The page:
New report sets out practical ways to reduce air pollution in urban areas
Organisations looking to improve air quality and/or reduce the exposure to air pollution in urban areas are to benefit from a new report published today by Design Council and Impact on Urban Health.
Addressing Urban Health Inequities: Eight Design Principles for Working with People to Reduce Air Pollution brings together insights gathered by Design Council from a diverse group of experts across the world – including those working in air quality science, urban planning, product design, community engagement and urban mobility. Drawing on their findings, the publication includes key recommendations for local authorities, businesses, communities and others designing or running air quality projects in urban areas.
Design Council’s research forms part of Impact on Urban Health’s 10-year programme, launched in 2020. The programme aims to understand how people’s health is affected by poor air quality in the London boroughs of Lambeth and Southwark, while exploring how the health effects of air pollution intersect with other systemic causes of ill-health. Over the course of the programme, Impact on Urban Health will work with local government, industry and the communities most affected by air pollution, to make sure any interventions work for them.
The eight principles highlighted in Addressing Urban Health Inequities are:
- Build on data and evidence
- Take practical and meaningful action, and lead by example
- Change people’s perception by improving communication
- Introduce stringent environmental regulation
- Ensure that interventions and their outcomes are just and equitable
- Always keep the big picture in mind and prepare for potential risks
- Have the tenacity and courage to make a difference
- Think long-term in implementation and in the evaluation of impact
Gyorgyi Galik, Interim Head of Programmes at Design Council, said: “Design Council works with communities, local authorities and national infrastructure providers across the UK to create places which improve people’s health and wellbeing. Ensuring that we can all breathe cleaner air is a key part of our work. Addressing Urban Health Inequities will be helpful reading for anyone looking to improve air quality in urban areas and improve health outcomes for all. Beyond raising awareness, the report outlines the structural and infrastructural, economic and political barriers that also need to be overcome to bring about real change. I am grateful to our expert contributors for outlining how they have been addressing this complex challenge and for sharing such excellent examples of air quality projects from across the globe”.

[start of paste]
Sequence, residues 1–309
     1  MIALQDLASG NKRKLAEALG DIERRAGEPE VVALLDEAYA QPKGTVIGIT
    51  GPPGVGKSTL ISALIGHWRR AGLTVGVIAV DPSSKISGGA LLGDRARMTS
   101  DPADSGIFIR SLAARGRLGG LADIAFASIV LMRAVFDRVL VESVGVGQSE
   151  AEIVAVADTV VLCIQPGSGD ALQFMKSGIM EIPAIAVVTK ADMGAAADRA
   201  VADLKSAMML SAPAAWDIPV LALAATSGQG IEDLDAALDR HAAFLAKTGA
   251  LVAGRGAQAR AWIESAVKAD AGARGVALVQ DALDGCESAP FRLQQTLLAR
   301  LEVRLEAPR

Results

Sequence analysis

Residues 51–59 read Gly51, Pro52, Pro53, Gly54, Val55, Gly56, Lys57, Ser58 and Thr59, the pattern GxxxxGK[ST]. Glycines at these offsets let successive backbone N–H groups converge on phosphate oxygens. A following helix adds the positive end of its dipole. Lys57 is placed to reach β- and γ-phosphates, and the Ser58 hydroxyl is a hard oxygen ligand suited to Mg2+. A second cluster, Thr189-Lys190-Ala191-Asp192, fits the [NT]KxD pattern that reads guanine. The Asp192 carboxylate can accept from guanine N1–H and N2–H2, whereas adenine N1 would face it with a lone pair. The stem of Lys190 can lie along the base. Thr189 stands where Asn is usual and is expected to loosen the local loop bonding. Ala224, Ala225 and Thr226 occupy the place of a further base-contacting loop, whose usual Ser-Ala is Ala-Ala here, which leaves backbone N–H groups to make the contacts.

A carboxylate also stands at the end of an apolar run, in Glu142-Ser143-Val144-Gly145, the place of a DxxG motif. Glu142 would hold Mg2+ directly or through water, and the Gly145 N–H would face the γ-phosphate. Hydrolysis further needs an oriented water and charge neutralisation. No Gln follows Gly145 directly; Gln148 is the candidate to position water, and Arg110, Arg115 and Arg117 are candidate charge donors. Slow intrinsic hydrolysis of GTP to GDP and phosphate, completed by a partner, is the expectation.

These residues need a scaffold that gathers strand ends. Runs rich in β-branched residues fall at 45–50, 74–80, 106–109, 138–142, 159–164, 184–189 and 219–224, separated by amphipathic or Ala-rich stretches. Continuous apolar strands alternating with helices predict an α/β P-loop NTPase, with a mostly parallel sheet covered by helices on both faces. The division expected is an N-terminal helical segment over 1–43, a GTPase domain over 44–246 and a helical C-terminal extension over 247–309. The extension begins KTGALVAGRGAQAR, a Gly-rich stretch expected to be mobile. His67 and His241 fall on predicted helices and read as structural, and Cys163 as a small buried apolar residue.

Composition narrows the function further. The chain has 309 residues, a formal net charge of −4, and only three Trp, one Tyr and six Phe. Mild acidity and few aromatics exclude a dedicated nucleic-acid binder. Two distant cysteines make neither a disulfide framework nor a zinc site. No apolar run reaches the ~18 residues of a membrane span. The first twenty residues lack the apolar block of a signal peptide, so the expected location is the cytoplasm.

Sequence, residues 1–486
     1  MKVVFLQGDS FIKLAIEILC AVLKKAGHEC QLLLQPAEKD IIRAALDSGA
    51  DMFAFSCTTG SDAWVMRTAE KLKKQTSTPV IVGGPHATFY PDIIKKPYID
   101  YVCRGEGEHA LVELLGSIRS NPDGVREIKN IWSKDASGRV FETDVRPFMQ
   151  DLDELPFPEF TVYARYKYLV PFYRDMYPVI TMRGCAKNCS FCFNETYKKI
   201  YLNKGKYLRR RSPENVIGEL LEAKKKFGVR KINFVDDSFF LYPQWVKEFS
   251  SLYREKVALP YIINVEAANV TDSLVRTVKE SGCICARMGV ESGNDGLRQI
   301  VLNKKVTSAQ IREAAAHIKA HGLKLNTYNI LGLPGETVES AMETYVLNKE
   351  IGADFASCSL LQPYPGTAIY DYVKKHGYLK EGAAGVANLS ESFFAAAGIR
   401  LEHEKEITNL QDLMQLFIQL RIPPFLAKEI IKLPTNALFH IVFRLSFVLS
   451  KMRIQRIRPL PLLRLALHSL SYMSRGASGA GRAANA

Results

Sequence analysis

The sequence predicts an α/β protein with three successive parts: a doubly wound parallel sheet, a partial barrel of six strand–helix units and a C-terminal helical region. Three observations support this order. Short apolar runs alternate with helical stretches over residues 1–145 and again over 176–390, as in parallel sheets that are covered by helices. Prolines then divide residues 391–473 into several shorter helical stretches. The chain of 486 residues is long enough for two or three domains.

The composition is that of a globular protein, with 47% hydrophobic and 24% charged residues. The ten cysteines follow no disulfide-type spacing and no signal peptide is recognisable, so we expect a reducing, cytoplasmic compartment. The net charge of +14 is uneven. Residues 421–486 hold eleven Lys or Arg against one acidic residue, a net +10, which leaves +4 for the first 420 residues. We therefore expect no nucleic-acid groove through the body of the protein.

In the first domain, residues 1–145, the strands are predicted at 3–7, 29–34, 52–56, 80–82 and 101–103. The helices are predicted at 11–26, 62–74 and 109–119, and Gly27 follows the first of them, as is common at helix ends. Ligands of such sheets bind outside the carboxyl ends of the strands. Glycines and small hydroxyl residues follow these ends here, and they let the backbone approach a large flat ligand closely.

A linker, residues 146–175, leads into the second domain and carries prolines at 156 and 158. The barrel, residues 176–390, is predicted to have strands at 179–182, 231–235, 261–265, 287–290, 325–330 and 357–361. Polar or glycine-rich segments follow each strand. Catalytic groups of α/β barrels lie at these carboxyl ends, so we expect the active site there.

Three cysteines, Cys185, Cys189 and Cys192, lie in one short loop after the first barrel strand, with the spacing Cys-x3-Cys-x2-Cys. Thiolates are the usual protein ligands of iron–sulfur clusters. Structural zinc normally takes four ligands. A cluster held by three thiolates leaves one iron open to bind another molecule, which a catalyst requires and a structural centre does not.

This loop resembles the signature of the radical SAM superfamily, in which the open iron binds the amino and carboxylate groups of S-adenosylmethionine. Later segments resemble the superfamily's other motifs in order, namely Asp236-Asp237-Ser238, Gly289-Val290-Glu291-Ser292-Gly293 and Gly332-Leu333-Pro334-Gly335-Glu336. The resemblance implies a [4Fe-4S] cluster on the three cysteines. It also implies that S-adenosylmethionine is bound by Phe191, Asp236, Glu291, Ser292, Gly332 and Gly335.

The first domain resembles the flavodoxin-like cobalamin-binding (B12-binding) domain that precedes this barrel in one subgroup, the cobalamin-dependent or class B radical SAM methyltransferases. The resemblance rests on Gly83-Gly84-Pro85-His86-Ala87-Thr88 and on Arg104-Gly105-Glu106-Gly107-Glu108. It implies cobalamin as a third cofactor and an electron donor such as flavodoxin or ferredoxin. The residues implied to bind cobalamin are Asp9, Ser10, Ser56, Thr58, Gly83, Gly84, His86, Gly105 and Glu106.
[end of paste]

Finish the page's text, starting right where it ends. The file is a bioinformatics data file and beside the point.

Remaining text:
Anthony Mysak, Portfolio Manager at Impact of Urban Health, said: “Our 10-year programme will involve testing, iterating and evaluating practical interventions to improve health outcomes for the people in Lambeth and Southwark who are most susceptible to the health effects of air pollution — including children, older people and people with heart and lung conditions. The design principles set out in Addressing Urban Health Inequities will provide invaluable guidance to our health effects of air pollution programme and other organisations looking to achieve similar impact around the world”.
Key contributors to Design Council’s research include: Bill Aboudi, President of Oakland Port Services; Rachel Aldred, Professor of Transport and Director of Active Travel Academy at the University of Westminster; Nicolas Smith de la Carrera, architect and planner from Concepcion, Chile; Cllr Clyde Loakes, Councillor for Leytonstone Ward, London Borough of Waltham Forest; Fred Luhrmann, Manager of Exposure Assessment Studies and Sonoma Technology Inc; Megan Prier, Project Manager at Hyphae Design Laboratory; Fred Manson, former Head of Planning at London Borough of Southwark.
Category: Place & Infrastructure
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